Posts Tagged ‘GC Securities’
The table lists the top ten catastrophe bond transactions that were completed in 2015.
GC Securities* Completes Catastrophe Bond Galileo Re Ltd. Series 2016-1 Notes on Behalf of XL Insurance (Bermuda) Ltd.
GC Securities, a division of MMC Securities LLC, a U.S. registered broker-dealer and member FINRA/NFA/SIPC, today announced the placement of three classes of Series 2016-1 Notes, with an aggregate principal amount of USD 300,000,000 through the existing catastrophe bond shelf program, Galileo Re Ltd., to benefit XL Insurance (Bermuda) Ltd. and certain of its insurance and reinsurance affiliates and related entities (XL Catlin). This is the first time that XL Catlin has utilized the 144A cat bond market since XL Group plc’s (XL) acquisition of Catlin Group Limited (Catlin).
Pricing dynamics in the fourth quarter of 2015 were mixed, with bonds trading in different directions based on the risk level, peril exposure and relative market size rather than the market shifting categorically in one direction across all names. The typical fourth quarter “Dead Cat” market (in which bonds prior to their scheduled redemption date that have little to no remaining modeled risk exposure are still paying their full scheduled coupon) was active. Notably however, the required return for Dead Cat liquidity providers in the fourth quarter of 2015 averaged 255 basis points per annum, whereas in the fourth quarter of 2014 the required return was averaged closer to 220 basis points.
The private market saw 20 private cat bond transactions in 2015 representing USD 903.94 million of risk capital transferred to capital market investors.
Three 144A property and casualty (P&C) catastrophe bonds were scheduled to mature in the fourth quarter, representing USD 595 million of risk capital being returned to investors. Of the USD 595 million, USD 100 million of MultiCat Mexico Limited Class C Notes have been extended past the scheduled redemption date of December 4, 2015 as a result of Hurricane Patricia’s impact on the Pacific coast of Mexico in late October 2015. The Class C Notes, which are parametrically triggered based on central pressure observed or interpolated on or within a defined area, are currently awaiting the release of the National Hurricane Center’s Tropical Cyclone Report in order to determine the principal reduction for the Class C Notes. However, the Class A and Class B Notes from MultiCat Mexico Limited did mature at their scheduled redemption date of December 4, 2015.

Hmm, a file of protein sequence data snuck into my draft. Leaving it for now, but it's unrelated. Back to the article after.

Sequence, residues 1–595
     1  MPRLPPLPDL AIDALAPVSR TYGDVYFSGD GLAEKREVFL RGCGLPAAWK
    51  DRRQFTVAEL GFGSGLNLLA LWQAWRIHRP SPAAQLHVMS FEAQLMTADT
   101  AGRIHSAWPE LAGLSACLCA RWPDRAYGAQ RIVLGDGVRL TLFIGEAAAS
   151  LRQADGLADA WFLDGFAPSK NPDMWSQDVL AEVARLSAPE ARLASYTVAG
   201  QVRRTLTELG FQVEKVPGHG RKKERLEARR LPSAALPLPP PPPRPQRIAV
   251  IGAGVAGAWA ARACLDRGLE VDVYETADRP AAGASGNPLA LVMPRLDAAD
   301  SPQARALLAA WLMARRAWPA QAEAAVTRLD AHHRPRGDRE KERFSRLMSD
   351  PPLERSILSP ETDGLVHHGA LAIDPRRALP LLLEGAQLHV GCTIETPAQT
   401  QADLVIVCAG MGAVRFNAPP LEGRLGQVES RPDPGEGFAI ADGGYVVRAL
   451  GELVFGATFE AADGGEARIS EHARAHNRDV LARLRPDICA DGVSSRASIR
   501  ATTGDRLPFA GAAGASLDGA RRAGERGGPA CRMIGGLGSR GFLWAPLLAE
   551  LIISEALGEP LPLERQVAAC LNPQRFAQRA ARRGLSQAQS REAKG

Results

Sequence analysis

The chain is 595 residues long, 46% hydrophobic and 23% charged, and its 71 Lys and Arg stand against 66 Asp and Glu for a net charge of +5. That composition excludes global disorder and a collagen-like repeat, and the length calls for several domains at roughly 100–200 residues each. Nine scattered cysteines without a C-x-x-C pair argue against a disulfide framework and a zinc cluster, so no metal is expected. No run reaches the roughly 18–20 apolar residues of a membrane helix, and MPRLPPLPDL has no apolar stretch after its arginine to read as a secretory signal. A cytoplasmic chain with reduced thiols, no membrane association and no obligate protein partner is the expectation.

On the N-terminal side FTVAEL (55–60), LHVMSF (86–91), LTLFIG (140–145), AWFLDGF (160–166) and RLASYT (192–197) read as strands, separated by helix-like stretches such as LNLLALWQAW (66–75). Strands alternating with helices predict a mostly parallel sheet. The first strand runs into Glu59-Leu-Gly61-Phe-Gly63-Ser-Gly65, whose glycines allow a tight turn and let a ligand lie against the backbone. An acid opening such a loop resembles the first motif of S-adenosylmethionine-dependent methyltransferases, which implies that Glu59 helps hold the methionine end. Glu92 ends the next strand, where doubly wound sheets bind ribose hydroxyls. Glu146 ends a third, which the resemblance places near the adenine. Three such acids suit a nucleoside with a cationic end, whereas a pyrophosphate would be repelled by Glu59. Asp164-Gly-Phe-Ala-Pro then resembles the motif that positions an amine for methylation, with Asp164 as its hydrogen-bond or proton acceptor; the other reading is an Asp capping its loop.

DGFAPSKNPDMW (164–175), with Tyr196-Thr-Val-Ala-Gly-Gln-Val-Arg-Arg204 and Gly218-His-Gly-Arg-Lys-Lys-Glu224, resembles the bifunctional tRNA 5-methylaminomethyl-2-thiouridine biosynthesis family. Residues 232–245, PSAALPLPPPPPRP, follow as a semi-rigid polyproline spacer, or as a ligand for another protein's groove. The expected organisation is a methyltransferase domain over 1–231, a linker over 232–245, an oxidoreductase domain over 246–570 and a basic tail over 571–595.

Everest Re successfully issued two tranches of Kilimanjaro Re Ltd. Series 2015-1 Notes representing an aggregate principal amount of USD 625 million. The catastrophe bonds provide Everest Re Group, Ltd. with protection against U.S. earthquake and named storm events on a per-occurrence, PCS-reported industry insured index-derived basis. The Class D Notes carry a one-year expected loss of 5.25 percent, based on AIR’s WSST catalog and investors receive an initial interest spread of 9.25 percent per annum (initial price guidance was quoted as 9.00 percent to 9.75 percent). The Class E Notes carry a one-year expected loss of 3.00 percent, based on AIR’s WSST catalog, with investors receiving an initial interest spread of 6.75 percent per annum (initial price guidance was quoted as 6.50 percent to 7.00 percent). The Series 2015-1 Notes represent the third time Everest Re has accessed the capital markets since 2014 with USD 1.575 billion aggregate limit currently outstanding.
After 2015 began with record historical issuance levels in the first quarter, the fourth quarter of 2015 was dramatically different as only USD 1.425 billion of 144A property and casualty (P&C) catastrophe bonds benefiting five sponsors were completed. This represented the second lowest level since 2005 and the lowest level since 2009. One explanation for this development may be that sponsors who would ordinarily have been willing to issue in the fourth quarter of the calendar year may have had the flexibility to delay their issuance to the following first quarter in order to obtain best execution and/or avoid transaction crowding. We view sponsors’ willingness to focus on best execution rather than specific renewal dates (while still important for overall capital planning purposes) as a further sign of the maturity of the insurance-linked securities (ILS) space. The ILS space is perceived as performing in a manner similar to the broader capital markets with their availability of capital throughout the calendar year.
144A property and casualty (P&C) catastrophe bond primary issuance levels were uncharacteristically low in the fourth quarter with an aggregate notional of USD 1.425 billion of 144A P&C catastrophe bonds issued benefiting five sponsors. The 2015 full year primary issuance of 144A P&C catastrophe bonds totaled USD 5.917 billion from 25 transactions benefiting 24 sponsors. 144A P&C risk capital outstanding as of December 31, 2015 totaled USD 22.640 billion, which is 0.56 percent lower than 2014’s all-time high in the 144A P&C catastrophe bond market.
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